I feel like this question has been asked for eons. “To PPC or not to PPC, that is the question.” Okay, maybe not that long, but it still feels like it’s been asked a lot. The truth is, the answer is easy: You should use PPC ads if you want them to work. It’s just that not all businesses are in a position to use PPC because they don’t understand how it works or what its benefits are for their business goals and marketing strategy. So let’s clear things up right now so you can get started with running an effective campaign!
It’s all about the customer. If PPC isn’t helping you improve your bottom line and bring in more revenue, it’s not worth the bother. But if you can find a way to use it that brings in more customers who buy from you (and don’t just click away), then yes, I would say PPC is worth it.
When to Consider PPC Advertising
The answer is simple: when you want to reach a specific group of people.
PPC advertising can be helpful if you’re trying to drive a large volume of traffic, but not necessarily sales, or if your goal is brand awareness.
If you don’t need to reach a particular audience (or if you’re well-funded) and just want to generate curiosity about your product, PPC may not be the best option for you.
Different Ad Types for Different Goals
Regarding the various ad types in AdWords, there are two big categories: search and non-search. The latter includes shopping ads, social ads, in-app ads, and more.
- Search ads—usually keyword text ads that appear at the top of search results—are what most companies focus on because they’re easy to set up. But don’t discount display ads like banners or video commercials. You can generate leads from them with remarketing lists for custom audiences that you create in Google Analytics or Google Ads (formerly known as DoubleClick).
- Remarketing is a powerful way to reach potential customers who’ve already visited your website but haven’t made a purchase yet. This type of targeting lets you show specific messages to them based on what they viewed or did while browsing around your site; for example, if someone looked at your pricing page but didn’t buy anything yet, remarketing will let you target him again with another offer or coupon code when he visits other websites online. This tactic works especially well if there’s more than one product option available so customers won’t feel pressured into making any decisions right away since they know how much cheaper it could be elsewhere online too!
Focus on the Benefits of PPC
The benefits of PPC are many, and here are just a few:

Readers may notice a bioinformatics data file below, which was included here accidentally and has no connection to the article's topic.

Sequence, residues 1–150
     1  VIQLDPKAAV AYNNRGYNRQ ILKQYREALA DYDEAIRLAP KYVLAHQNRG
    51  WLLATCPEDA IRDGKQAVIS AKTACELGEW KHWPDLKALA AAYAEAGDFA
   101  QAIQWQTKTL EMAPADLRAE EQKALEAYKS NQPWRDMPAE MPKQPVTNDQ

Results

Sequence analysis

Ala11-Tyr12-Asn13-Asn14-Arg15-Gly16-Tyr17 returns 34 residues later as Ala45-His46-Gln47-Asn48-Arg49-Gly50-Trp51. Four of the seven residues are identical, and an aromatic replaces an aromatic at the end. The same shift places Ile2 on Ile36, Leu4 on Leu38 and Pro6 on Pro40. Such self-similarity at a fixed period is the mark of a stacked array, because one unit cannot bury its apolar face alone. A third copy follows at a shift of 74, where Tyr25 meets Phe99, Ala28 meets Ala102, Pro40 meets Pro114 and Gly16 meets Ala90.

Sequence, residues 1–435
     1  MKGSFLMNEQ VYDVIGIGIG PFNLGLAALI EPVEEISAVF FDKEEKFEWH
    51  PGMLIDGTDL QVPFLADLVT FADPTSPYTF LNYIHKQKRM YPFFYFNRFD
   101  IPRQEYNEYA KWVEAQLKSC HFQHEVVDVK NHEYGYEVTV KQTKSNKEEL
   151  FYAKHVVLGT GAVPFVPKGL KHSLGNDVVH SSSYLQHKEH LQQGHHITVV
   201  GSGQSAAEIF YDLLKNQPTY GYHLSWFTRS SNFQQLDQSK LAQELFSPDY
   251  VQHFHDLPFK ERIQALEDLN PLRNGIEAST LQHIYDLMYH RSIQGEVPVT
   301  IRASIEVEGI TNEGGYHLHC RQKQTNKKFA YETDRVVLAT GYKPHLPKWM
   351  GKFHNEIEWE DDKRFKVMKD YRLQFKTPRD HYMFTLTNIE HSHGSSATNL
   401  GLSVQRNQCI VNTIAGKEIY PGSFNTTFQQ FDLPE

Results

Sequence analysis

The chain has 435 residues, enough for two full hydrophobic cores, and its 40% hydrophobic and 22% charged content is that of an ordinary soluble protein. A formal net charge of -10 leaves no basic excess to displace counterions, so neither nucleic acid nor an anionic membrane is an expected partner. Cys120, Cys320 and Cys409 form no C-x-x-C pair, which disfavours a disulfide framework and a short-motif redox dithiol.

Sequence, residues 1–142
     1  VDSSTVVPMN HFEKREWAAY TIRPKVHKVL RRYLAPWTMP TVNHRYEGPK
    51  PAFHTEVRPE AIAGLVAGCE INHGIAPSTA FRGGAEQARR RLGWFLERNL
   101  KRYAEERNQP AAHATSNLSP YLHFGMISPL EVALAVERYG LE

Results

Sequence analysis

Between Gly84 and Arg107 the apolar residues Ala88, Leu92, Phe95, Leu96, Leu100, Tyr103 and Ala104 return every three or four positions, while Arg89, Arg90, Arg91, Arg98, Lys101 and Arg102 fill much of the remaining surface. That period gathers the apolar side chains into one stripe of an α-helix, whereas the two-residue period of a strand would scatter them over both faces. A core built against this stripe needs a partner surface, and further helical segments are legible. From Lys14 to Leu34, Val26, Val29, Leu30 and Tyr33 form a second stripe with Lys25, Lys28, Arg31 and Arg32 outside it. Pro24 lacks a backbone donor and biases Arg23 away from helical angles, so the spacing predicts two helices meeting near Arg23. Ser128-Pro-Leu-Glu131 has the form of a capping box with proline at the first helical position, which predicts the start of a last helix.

- It’s easy to scale. You can run PPC campaigns that target specific audiences, or you can experiment with different messaging and landing pages.
- It’s cost-effective. If your goal is to get results quickly, PPC is an excellent option because it allows you to test different tactics at a low cost without having to invest in other avenues of marketing at the same time.
- You can get quick results from PPC campaigns by targeting specific audiences who are interested in your products or services and running ads only when they’re open for business (or when they’re most likely to convert).
Pick a Price Point
- Define the problem before starting on a solution.
- Set goals that are ambitious, but realistic enough to achieve in 3-6 months.
- Don’t worry about what other people’s goals are, or compare yourself to them (unless they’re within your social circle and you don’t mind being judged by them).
PPC can be an effective marketing outlet if you know how to put it to work for your goals.
PPC is a powerful marketing tool that can be used for branding, awareness, lead generation, sales, and customer service. But like any good salesman will tell you: it’s not enough to simply know how to use your product—you have to know how to sell it.
Let’s start with some definitions. When most people think of PPC (pay-per-click) advertising they’re thinking about search engine optimization (SEO) driven by paid advertising. It’s a great way to get your name out there, but the real benefits of PPC don’t come from just being on top of the SERPs or having more clicks than anyone else—they come from knowing what you’re doing and putting it all together into a cohesive strategy that works best for your goals as an organization or business owner.
When it comes to PPC, there’s no one size fits all. There are many ways to use it, and some work better than others depending on your goals. If you want to get started with PPC advertising, we recommend taking a good look at the options available to you and deciding what might be best for your business. In the end, it’s all about picking an ad type that will drive conversions—and those come from thinking about how people search for things online!